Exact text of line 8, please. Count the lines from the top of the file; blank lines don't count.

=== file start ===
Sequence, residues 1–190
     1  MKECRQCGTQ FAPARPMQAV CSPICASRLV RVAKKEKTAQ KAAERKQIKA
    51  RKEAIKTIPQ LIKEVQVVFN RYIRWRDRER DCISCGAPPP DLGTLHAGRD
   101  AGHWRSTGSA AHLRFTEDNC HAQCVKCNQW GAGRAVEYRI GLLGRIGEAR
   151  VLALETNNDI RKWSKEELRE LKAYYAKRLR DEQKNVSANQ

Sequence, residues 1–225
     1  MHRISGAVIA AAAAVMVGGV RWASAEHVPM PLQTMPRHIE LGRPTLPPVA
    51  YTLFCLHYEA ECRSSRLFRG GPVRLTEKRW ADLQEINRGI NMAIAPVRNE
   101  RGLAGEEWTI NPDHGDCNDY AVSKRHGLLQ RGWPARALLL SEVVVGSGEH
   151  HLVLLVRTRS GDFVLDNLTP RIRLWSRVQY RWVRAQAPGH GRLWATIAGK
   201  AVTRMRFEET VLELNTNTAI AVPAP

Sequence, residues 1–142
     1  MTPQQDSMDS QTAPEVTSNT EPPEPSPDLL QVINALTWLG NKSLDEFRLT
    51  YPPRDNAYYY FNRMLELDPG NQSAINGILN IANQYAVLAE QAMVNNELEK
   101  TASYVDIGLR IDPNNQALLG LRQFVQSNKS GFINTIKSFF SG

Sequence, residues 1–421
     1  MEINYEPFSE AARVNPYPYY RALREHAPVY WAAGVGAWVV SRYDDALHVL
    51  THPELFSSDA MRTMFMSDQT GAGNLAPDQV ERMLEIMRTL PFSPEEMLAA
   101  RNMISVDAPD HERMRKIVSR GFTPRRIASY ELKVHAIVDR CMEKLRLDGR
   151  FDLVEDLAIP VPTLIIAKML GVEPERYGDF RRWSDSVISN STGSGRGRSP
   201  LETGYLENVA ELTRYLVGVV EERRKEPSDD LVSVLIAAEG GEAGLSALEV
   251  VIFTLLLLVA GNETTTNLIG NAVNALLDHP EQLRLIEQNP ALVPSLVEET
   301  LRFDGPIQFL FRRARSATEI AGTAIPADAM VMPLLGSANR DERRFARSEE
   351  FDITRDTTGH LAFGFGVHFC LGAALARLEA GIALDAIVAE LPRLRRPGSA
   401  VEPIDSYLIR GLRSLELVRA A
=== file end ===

    51  YTLFCLHYEA ECRSSRLFRG GPVRLTEKRW ADLQEINRGI NMAIAPVRNE